Written by Tara Cryderman, Psy.D, Assistant Director of Integrated Health Services and
Susan Barron, Ph.D., Director of Integrated Health Services
Since first proclaimed in 1987, October has been Domestic Violence (DV) Awareness Month. During the month of October, we seek to increase awareness of DV as a societal problem that affects women, men, and children, extending through individual families and often over generations. DV is a devastating problem occurring in all demographics – regardless of race, gender, socio-economic status, age, etc. Those who perpetrate domestic violence work to silence the voices of their victims, and those who minimize or ignore the existence of DV perpetuate it. The impact extends to our communities—victims who find momentary refuge at their job or church; children who find safety in their school environment. Ultimately, this silent and hidden suffering diminishes potential and growth in families and weakens the fabric of our communities at large.
Much of the work that we do at Saint John’s centers on assisting survivors to reclaim their powerful voices for their own benefit and health, as well as to benefit their children’s healthy development. It is usually an incremental process wherein what has been systematically broken-down is rebuilt bit by bit.
I have worked with DV survivors and their children since 2004 in various settings, and trying to encapsulate my experiences seemed overwhelming. As I worked with my clients during this month, I found myself being more cognizant of my words, protecting confidentiality, and uplifting clients in ways that they feel empowered to rely on their own strengths. I also found myself listening more to create understanding and clarification. Each client has a different story, even though there are many similarities. Lastly, I found myself awestruck. Awestruck just by being a witness to clients who share stories of survival, and taking all the control back that was once lost.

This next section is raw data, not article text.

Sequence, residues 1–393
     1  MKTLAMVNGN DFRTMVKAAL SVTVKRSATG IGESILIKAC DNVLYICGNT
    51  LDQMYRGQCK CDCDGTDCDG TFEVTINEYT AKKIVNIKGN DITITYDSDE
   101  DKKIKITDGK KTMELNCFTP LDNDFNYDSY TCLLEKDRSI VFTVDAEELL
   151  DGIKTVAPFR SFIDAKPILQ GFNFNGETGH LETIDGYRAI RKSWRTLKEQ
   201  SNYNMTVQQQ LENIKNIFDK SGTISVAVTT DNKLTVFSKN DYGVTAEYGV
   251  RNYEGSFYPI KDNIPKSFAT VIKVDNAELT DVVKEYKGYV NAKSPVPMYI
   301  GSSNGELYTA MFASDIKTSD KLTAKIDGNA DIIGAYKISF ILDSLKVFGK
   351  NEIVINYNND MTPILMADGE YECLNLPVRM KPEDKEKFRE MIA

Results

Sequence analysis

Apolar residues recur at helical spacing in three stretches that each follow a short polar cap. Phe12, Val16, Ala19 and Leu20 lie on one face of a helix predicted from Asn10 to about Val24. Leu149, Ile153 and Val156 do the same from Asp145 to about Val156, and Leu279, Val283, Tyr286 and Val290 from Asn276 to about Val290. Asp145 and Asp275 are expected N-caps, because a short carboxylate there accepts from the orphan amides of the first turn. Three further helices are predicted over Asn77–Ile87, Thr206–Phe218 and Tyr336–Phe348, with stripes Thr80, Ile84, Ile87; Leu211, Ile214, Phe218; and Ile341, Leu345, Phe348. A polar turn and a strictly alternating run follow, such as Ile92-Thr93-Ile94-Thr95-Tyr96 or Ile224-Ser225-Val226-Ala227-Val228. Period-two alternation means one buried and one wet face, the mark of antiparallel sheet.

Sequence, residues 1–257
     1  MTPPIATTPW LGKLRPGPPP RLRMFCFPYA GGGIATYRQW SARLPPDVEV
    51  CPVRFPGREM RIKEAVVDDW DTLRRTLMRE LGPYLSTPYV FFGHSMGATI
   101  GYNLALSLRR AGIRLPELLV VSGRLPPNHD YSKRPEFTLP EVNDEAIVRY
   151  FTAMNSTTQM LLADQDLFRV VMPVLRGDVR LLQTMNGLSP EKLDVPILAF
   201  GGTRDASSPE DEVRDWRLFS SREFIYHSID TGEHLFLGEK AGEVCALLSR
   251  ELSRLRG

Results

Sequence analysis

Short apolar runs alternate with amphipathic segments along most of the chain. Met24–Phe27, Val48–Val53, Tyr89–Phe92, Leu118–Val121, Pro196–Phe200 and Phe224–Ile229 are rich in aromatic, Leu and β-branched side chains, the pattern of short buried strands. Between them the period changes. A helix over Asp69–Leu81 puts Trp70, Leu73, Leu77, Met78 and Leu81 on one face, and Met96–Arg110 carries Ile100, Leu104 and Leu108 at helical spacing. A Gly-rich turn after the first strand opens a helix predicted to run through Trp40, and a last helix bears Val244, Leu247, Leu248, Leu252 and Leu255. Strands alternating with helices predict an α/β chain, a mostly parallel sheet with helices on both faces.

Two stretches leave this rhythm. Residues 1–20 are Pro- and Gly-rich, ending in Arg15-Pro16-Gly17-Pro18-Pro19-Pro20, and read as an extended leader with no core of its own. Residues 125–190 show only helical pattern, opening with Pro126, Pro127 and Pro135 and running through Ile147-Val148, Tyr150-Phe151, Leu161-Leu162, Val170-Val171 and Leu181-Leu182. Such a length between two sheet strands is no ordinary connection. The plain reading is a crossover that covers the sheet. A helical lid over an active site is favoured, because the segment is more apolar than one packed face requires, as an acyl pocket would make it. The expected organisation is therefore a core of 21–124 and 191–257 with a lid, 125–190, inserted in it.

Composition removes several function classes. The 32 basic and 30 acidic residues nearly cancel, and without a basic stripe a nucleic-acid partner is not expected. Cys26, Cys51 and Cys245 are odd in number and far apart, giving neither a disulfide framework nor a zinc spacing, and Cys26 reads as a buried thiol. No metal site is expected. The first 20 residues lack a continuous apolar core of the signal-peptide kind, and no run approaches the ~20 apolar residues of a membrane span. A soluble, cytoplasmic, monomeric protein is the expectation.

Those of us who have experienced DV, or who have worked with survivors understand that the amount of anxiety, stress, and obligations a survivor can face while putting their life back together can sometimes feel insurmountable.
At Saint John’s Program for Real Change, female victims of DV receive a variety of much needed services on one site. This is unique, because often crucial services are spread throughout a community. Traveling from site to site can be dangerous and frightening for survivors who are actively fleeing an abuser. Having many services under one roof also promotes active coordination of services and collaboration between the service providers. Those of us who have experienced DV, or who have worked with survivors understand that the amount of anxiety, stress, and obligations a survivor can face while putting their life back together can sometimes feel insurmountable. Saint John’s provides the basic staples of care, shelter and meals where a woman can have a place to be with her children while she recovers, strengthens, and identifies her steps to regaining her independence and self-determination. These incremental steps are accomplished though classes, groups, case management, therapy alcohol and other drug (AOD) services, vocational training as well as job readiness and acquisition support available to guide and assist women in developing the confidence as they execute their plans. Ultimately, women find community with others who have a common goal of growth and a shared belief that all people can heal and make healthy choices when given a safe environment and the access to adequate tools and coping skills.
During the month of October and always, we have the opportunity to commit to shine a light on DV, illuminating that which is hidden and identifying what supports and services are necessary to meet the needs of all those who are victimized by it. We at Saint John’s are able to provide this caring environment and these comprehensive services largely due to the generosity of our many donors. We’d like to give a special thanks to Blue Shield of California Foundation and Allstate with the Purple Purse Campaign. Thanks for joining the on the ground direct service movement to work with survivors and their families toward ending violence.